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Test Driven Development Cargo Cult

Monday 5th November 2012 (08:00AM)

The London Python Code Dojo is a great place to share ideas and collaborate with an enthusiastic and friendly group of peers. I'm going to tell the story of an interesting outcome from last Thursday's dojo - organised with great aplomb by Python core developer and Windows guru Tim Golden.

We departed from the usual democratic method of choosing a dojo task: Tim decided that as we regularly solved problems concerning board games it would be good to produce a "one true board" code library to re-use in future dojos. To this end Tim created a Github repository containing a single README.rst file containing requirements. We were to fork the repository, create a directory for our team's code and send a pull request after the dojo so posterity could have a good laugh at our solutions.

I found myself in a team with general all-round-nice-guy-and-man-about-the-technological-town Robert Rees. He's a hugely experienced, well read and thoughtful senior developer / architect at The Guardian. He's also always ready to step up to share his successes, failures and discoveries with others (he opened the evening with an excellent lightning talk on functional programming with Python). Once again, he proved to have an excellent eye for a learning opportunity...

During the team discussion Robert suggested we work using strict test driven development (TDD): focus on a specific thing that needed implementing, write a test for just that thing, make it pass then rinse and repeat until all requirements are met with no failing tests. We took it in turns to write code. At the end of each turn the "programmer" wrote a failing test for the next person in the group to solve, and so the cycle continued. Given that we had very clear requirements in the form of Tim's README file this was an excellent suggestion on Robert's part.

Thanks to Robert, what happened next was both funny and educational...

I set up the basic scaffolding for the project and Robert quickly created a "Board" class containing some stubbed out yet obvious methods and an associated test stub. Team-mate and Pygame core developer Rene Dudfield read out the next requirement,

"You should be able to put something at a coordinate on the board."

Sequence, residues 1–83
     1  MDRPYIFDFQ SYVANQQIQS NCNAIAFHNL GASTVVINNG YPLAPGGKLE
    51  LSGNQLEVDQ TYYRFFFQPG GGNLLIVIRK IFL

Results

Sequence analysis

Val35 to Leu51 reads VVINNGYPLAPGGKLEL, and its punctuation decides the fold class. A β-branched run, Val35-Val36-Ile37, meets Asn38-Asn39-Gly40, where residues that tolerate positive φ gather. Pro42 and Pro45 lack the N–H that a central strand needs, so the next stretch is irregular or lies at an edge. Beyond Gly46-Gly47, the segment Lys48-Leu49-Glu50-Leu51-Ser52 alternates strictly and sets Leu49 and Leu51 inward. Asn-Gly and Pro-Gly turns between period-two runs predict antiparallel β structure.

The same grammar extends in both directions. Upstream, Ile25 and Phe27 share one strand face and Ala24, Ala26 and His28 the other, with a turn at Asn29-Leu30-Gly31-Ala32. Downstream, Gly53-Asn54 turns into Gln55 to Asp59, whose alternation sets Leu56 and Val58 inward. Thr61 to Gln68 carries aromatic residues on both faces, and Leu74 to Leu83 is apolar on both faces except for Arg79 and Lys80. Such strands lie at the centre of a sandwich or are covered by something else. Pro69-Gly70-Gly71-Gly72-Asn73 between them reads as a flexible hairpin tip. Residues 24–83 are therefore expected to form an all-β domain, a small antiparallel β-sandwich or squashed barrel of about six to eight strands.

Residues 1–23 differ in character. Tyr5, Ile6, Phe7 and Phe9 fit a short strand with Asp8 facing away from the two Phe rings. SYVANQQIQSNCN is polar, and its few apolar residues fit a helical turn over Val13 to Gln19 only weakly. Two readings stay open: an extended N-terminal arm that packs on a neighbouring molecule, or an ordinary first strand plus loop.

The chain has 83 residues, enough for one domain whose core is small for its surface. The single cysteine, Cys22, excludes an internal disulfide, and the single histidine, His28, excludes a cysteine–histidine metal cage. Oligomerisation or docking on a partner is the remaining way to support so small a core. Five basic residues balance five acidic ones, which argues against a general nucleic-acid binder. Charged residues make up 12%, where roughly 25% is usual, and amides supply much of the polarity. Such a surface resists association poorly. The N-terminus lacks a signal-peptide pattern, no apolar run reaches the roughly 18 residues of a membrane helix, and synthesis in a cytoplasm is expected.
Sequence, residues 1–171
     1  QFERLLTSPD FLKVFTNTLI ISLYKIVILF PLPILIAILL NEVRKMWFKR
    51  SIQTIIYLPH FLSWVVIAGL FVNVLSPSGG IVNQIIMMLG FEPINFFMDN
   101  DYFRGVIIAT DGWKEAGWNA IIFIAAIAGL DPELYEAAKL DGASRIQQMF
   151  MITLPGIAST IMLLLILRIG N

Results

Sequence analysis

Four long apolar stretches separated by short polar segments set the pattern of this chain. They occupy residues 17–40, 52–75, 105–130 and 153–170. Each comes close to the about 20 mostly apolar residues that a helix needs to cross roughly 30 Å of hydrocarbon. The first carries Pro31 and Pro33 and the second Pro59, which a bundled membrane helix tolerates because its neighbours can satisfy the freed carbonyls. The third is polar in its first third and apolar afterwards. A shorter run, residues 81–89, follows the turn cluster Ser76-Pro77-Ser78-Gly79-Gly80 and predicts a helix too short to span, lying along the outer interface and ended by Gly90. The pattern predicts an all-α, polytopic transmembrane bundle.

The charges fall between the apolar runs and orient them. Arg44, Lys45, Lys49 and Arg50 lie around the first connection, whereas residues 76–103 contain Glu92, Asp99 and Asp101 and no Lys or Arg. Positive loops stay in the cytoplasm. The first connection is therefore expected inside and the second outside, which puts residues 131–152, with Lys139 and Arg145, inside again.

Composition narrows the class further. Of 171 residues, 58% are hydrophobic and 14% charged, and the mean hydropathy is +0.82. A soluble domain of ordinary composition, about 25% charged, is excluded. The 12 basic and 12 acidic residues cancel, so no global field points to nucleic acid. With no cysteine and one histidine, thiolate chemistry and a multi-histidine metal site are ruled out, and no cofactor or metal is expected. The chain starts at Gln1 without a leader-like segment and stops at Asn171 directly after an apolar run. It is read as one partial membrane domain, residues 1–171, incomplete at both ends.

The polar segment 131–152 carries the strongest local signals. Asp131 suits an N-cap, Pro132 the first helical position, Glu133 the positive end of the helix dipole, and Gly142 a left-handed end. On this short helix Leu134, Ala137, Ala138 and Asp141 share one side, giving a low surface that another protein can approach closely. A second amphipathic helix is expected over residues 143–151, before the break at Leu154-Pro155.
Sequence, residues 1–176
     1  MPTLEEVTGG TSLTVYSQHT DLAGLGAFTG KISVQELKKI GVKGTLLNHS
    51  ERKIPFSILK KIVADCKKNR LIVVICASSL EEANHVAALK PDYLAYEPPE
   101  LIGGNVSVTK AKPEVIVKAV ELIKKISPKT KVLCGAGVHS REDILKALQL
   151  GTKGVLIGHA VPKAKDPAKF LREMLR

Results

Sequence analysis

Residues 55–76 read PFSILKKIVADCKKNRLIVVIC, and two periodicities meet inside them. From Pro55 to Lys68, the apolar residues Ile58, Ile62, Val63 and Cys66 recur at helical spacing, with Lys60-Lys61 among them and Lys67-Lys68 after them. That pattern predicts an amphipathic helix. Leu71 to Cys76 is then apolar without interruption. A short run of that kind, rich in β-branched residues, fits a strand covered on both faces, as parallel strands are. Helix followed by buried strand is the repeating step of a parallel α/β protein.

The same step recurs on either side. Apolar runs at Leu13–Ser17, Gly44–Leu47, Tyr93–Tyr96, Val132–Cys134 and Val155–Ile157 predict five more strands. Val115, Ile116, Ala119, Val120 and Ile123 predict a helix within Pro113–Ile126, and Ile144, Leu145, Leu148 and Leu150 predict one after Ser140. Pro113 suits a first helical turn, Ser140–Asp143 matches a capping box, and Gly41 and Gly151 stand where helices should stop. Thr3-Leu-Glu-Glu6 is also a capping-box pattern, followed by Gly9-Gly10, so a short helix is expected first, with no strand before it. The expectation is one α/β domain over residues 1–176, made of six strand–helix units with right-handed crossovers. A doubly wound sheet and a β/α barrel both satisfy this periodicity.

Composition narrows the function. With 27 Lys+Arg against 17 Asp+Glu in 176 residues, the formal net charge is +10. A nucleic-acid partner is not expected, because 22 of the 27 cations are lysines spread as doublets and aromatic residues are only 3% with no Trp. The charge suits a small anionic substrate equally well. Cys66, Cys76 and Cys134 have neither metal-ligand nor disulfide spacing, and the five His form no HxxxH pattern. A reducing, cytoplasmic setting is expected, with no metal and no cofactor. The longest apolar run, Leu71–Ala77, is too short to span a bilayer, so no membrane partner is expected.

A suitable test was written and the next team member (another Nick) sat in the hot seat. Rather than implement a complex or complete solution to the requirement he was encouraged, in true TDD fashion, to do the minimum to make the test pass. So, he hard coded the return value expected by the test, in this case the string "Foo".

It was at this point that I made the mistake of opening my big mouth (again). I said something along the lines of, "the problem with unit tests are that they're behaviourist in outlook: they don't ensure that the internal quality of the solution is any good - simply that the solution passes some tests" i.e. it displays such-and-such a behaviour.

I was referring to the behaviourist movement founded by J.B.Watson where things can only be defined in terms of observable behaviours - there is no room for introspection. When taken to an extreme, behaviourist philosophy claims that a person has no consciousness but is simply a thing that behaves. Of course, there are problems with this outlook. The obvious question of what is meant by "behaviour" is far more difficult to answer than it at first appears. More problematic, behaviourism seems counter to personal "internal" experience: pain, love, sadness and joy are common feelings yet may not be manifested in externally observable behaviour. Furthermore, behaviours associated with such feelings can be easily and convincingly aped (for example, by actors or con artists) which may even be a requirement for more complex interactions such as irony (where you act one way but mean something else - often the opposite to how you act).

Given that we were enjoying the silly exercise of making tests pass with the minimum of effort Robert stepped up with a new challenge: he would write a test to force the development of something sensible. This would show that test driven development inevitably leads to a good solution by forcing us to make the failing test pass.